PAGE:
Selasa, 26 Mei 2015

Common names: Kenya mountain viper, Kenya montane viper, montane viper, Hind's viper.

Montatheris is a monotypic genus created for the venomous viper species, M. hindii. This is a small terrestrial species endemic to Kenya. No subspecies are currently recognized.

Etymology



The specific name, hindii, is in honor of Sidney Langford Hinde, a British military medical officer and naturalist.

Description



This is a small species reaching an average total length (body + tail) of 20â€"30 cm (7.9â€"11.8 in) and a maximum total length of about 35 cm (14 in). The head is elongated and not very distinct from the neck, while the eyes are small and set in a rather forwards position. The dorsal scales are strongly keeled.

Geographic range



It is known only from isolated populations at high altitudes on Mount Kenya and the moorlands of the Kinangop Plateau, Aberdare Mountains.

The type locality listed is "Fort Hall, Kenya District, 4000 ft.". Since Fort Hall is at an altitude of only 4000 feet (1219 m), Loveridge (1957) questioned whether this was accurate.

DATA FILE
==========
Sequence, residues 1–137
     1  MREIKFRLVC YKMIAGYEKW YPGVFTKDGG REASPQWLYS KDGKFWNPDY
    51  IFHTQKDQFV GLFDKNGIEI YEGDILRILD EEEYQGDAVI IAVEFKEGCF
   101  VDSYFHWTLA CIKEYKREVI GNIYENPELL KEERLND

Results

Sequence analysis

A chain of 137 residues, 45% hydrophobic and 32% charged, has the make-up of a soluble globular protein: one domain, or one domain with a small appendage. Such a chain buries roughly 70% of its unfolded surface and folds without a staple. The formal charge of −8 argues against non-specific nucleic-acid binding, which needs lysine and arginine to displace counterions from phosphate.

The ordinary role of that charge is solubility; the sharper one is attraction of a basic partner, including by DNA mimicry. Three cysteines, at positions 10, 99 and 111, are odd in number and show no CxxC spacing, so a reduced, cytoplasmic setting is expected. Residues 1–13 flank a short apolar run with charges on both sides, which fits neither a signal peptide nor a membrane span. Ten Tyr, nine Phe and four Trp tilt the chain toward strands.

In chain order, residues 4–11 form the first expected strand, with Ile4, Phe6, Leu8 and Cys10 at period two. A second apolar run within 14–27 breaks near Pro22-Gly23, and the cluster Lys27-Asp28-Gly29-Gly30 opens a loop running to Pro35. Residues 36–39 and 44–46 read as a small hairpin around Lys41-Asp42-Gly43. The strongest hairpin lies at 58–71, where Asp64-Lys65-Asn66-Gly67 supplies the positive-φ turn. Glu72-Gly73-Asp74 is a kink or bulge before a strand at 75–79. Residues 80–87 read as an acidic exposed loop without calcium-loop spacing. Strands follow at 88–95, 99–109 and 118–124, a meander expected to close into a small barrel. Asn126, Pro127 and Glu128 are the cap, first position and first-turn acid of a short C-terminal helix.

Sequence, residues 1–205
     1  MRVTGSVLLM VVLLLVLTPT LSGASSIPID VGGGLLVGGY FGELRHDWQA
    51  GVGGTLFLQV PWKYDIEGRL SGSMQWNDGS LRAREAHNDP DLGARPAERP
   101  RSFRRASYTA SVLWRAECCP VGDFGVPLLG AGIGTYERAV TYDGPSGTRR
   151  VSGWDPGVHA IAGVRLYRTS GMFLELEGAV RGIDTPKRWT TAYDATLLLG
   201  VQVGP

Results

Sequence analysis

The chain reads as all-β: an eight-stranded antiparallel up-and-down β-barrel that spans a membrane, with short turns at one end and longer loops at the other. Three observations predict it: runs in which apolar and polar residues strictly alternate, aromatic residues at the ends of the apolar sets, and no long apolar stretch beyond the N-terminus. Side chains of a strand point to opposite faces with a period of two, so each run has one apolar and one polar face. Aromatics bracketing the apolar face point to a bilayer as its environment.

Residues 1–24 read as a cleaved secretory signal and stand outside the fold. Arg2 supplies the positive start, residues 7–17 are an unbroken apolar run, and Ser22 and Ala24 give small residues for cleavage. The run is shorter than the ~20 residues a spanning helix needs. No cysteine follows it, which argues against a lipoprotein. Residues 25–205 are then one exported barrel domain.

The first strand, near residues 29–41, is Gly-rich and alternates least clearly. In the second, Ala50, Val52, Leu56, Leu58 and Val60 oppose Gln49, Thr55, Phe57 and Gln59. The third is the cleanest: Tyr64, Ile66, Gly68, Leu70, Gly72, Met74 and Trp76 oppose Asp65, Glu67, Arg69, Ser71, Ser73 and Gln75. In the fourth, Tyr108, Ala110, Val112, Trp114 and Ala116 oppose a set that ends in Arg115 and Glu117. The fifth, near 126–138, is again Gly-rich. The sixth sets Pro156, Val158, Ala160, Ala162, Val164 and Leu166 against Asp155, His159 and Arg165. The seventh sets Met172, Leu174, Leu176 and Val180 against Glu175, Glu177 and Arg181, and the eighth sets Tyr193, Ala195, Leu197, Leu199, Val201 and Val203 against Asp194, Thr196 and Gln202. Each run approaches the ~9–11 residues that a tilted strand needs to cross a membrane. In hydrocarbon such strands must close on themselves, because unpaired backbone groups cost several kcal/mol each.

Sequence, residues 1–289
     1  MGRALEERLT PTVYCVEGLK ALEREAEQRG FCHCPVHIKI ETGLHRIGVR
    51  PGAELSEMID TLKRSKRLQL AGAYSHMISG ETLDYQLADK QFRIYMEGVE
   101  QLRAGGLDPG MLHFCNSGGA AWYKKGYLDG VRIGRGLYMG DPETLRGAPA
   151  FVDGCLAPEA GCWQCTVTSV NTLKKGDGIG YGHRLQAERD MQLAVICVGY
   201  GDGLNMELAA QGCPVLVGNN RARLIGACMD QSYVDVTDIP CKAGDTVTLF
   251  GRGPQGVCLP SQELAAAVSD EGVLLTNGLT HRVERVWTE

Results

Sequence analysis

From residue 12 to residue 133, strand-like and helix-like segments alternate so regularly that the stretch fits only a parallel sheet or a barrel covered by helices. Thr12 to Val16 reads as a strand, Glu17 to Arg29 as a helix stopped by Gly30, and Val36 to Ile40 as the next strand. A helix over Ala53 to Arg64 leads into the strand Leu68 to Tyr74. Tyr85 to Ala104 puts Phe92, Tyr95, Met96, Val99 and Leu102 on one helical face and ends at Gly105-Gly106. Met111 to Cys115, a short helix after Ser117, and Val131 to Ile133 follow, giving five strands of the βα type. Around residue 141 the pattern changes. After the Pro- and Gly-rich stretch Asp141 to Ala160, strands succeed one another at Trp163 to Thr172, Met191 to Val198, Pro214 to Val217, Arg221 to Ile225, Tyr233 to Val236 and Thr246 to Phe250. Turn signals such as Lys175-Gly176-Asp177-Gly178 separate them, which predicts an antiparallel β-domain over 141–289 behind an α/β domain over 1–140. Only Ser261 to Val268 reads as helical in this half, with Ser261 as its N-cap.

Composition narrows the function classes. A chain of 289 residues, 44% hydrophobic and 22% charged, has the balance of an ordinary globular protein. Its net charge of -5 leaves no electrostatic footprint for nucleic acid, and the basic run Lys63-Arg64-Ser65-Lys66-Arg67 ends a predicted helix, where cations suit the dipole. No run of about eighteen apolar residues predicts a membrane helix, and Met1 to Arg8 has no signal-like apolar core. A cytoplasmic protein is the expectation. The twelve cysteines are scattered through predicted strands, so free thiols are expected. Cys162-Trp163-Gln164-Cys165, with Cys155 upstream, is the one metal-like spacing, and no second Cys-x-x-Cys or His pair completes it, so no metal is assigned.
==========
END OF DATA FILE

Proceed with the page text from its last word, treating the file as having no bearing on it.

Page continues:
Habitat


Montatheris

It occurs at high altitudes of 2,700â€"3,800 m (8,900â€"12,500 ft) in treeless moorlands. It favors clumps of bunch grass for cover.

Behavior


Montatheris

A terrestrial species. Because of the low nighttime temperatures in its native habitat, it is only active during the day and when there is enough sunlight to warm its environment.

Feeding



It feeds on chameleons, skinks, and small frogs. It may also take small rodents.

Reproduction



This species is apparently viviparous (ovoviviparous). One wild-caught female produced two young in late January, while another gave birth to three in May. The total length of each newborn was 10â€"13 cm (3.9â€"5.1 in).

See also



  • List of viperine species and subspecies
  • Viperinae by common name
  • Viperinae by taxonomic synonyms
  • Snakebite

References



Further reading



External links



  • Montatheris hindii at the Reptarium.cz Reptile Database. Accessed 9 September 2007.


 
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